Numberlink is a type of logic puzzle involving finding paths to connect numbers in a grid.
The player has to pair up all the matching numbers on the grid with single continuous lines (or paths). The lines cannot branch off or cross over each other, and the numbers have to fall at the end of each line (i.e., not in the middle).
It is considered that a problem is well-designed only if it has a unique solution and all the cells in the grid are filled, although some Numberlink designers do not stipulate this.
In 1897, a slightly different form of the puzzle was printed in the Brooklyn Daily Eagle, in a column by Sam Loyd. Another early, printed version of Number Link can be found in Henry Ernest Dudeney's book Puzzles and Curious Problems (1932) as Planning Tours (puzzle no. 270). This puzzle type was popularized in Japan by Nikoli as Arukone (アルコネ, Alphabet Connection) and Nanbarinku (ナンバーリンク, Number Link). The only difference between Arukone and Nanbarinku is that in Arukone the clues are letter pairs (as in Dudeney's puzzle), while in Nanbarinku the clues are number pairs.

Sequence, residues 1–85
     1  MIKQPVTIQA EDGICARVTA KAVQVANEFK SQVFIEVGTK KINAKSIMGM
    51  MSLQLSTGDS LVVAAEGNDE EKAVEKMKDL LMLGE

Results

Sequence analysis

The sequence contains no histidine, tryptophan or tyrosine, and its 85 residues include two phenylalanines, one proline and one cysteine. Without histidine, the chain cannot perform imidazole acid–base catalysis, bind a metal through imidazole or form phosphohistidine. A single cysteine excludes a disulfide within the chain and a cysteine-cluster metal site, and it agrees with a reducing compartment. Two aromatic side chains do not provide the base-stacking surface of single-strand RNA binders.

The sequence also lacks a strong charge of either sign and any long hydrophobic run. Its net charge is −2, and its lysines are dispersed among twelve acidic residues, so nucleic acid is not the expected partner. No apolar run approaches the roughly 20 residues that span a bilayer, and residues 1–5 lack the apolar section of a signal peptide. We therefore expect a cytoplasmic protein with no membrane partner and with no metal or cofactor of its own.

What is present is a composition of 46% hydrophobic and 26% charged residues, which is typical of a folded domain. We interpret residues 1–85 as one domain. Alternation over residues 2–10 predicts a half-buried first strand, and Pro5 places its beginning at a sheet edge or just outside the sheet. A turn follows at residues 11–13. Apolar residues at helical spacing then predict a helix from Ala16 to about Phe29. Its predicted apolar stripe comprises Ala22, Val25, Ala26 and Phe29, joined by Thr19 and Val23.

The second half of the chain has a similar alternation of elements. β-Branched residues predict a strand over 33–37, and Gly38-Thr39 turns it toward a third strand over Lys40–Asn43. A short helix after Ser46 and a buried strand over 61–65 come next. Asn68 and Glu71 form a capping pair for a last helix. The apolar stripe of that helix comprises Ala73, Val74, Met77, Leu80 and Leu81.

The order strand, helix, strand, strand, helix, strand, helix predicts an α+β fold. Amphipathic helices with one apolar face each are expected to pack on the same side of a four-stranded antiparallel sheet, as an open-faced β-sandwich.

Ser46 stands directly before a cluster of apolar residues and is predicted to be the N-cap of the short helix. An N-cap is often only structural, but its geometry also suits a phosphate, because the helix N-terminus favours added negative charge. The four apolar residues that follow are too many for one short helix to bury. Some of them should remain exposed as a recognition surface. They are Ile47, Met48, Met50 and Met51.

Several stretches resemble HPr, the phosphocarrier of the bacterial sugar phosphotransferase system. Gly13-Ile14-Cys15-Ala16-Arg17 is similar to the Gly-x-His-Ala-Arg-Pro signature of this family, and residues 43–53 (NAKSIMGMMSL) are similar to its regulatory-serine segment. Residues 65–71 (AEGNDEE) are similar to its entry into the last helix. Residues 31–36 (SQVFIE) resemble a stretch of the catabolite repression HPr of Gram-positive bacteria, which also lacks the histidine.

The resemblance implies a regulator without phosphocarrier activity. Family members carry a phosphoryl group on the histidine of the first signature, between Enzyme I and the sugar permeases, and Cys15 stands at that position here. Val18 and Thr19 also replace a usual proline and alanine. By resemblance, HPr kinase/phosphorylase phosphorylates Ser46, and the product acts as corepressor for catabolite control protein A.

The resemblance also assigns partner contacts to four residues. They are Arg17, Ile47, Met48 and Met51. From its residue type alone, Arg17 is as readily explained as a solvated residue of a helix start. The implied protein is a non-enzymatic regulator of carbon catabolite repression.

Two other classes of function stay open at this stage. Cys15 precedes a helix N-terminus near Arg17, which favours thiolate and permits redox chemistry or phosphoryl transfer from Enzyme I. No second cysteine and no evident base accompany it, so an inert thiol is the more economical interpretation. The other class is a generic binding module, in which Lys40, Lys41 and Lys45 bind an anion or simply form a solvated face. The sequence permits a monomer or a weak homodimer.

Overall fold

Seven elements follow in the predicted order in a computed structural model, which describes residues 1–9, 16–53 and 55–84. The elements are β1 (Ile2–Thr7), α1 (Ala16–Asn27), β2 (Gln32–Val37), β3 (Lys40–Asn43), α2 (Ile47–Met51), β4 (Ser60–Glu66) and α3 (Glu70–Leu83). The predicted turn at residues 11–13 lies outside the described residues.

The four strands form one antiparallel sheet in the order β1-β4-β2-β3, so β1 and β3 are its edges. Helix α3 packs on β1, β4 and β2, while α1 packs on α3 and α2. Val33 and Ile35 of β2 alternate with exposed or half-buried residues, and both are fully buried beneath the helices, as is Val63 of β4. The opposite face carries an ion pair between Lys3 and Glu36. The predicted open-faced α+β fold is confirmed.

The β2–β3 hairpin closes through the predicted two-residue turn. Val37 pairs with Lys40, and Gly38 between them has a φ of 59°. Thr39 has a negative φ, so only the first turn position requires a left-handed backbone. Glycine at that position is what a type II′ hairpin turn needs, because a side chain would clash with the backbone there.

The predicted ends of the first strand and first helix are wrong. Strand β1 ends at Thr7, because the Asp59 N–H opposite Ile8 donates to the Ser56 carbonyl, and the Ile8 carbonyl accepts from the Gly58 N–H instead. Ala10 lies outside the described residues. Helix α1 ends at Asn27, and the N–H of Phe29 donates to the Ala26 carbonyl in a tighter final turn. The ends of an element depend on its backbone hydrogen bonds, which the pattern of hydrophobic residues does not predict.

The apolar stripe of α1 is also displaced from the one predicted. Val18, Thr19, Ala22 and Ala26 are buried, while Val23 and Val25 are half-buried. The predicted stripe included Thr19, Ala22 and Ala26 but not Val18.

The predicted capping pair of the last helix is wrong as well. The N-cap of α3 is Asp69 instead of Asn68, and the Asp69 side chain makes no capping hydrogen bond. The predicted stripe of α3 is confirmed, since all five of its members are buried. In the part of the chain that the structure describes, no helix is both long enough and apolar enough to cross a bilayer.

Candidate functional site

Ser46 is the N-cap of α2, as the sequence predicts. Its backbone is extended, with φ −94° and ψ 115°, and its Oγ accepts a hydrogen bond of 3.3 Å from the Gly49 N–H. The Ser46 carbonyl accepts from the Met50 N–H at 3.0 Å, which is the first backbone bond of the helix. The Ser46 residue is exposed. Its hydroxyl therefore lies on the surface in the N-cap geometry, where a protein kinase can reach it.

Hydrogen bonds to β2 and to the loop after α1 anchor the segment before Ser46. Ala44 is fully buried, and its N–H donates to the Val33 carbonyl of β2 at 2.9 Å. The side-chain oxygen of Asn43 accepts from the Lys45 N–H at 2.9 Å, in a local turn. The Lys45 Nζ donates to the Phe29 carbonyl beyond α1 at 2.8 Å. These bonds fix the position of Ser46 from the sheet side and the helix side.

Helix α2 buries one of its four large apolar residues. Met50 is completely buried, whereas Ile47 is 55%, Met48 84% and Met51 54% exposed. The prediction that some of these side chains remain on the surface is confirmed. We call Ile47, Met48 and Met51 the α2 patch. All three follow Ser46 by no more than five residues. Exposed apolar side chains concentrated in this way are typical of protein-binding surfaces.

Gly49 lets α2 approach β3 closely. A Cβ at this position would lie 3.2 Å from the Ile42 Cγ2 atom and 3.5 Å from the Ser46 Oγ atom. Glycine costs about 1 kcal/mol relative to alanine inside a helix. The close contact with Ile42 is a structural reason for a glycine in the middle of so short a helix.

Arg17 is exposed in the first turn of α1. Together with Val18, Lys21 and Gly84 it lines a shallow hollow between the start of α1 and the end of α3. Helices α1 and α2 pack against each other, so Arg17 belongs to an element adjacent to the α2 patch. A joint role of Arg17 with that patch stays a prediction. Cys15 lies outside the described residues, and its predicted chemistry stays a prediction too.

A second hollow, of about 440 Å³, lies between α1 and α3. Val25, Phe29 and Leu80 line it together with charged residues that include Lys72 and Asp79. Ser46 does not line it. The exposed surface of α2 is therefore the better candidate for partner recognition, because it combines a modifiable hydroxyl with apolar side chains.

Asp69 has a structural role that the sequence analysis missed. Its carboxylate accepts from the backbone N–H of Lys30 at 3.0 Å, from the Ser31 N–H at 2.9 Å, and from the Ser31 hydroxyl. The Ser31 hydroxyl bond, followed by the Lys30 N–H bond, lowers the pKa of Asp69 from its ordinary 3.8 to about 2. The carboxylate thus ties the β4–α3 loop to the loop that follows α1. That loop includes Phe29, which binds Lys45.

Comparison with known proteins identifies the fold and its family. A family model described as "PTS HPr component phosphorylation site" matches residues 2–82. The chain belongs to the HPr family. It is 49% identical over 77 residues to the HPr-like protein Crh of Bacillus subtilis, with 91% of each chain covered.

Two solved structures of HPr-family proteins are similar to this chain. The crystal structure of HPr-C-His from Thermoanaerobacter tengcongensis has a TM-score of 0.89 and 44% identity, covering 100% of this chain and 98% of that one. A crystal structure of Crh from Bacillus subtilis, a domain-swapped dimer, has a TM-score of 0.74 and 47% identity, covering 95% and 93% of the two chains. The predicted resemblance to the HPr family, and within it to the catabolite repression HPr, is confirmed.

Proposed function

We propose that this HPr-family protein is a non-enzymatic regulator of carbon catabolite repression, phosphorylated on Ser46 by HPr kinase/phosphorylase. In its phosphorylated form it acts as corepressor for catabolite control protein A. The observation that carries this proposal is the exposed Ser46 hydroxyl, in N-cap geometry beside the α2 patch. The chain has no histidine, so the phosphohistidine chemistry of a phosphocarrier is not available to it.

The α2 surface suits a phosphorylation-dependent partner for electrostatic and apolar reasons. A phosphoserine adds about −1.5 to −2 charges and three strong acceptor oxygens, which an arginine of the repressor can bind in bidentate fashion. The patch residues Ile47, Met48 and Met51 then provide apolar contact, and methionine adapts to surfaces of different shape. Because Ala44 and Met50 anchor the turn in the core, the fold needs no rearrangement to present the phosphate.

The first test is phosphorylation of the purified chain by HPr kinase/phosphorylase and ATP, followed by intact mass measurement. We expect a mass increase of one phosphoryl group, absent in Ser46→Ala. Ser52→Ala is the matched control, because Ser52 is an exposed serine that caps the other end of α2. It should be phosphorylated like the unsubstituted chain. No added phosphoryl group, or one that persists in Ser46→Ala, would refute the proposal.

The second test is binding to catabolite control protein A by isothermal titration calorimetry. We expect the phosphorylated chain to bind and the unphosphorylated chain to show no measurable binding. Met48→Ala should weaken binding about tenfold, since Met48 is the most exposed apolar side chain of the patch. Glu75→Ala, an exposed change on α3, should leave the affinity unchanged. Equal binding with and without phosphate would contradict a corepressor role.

As of 2006[update], three books consisting entirely of Numberlink puzzles have been published by Nikoli.
- Thomas Snyder (19 November 2010). "Dr. Sudoku Prescribes: Numberlink Puzzles". Wired. Retrieved November 23, 2010.
- Pegg, Jr., Ed (2007). "Beyond Sudoku" (PDF). Mathematica Journal 10 (3): 469–73. Retrieved 11 September 2011.
- Kotsuma, Kouichi; Takenaga, Yasuhiko (March 2010), "NP-Completeness and Enumeration of Number Link Puzzle", IEICE technical report. Theoretical foundations of Computing 109 (465): 1–7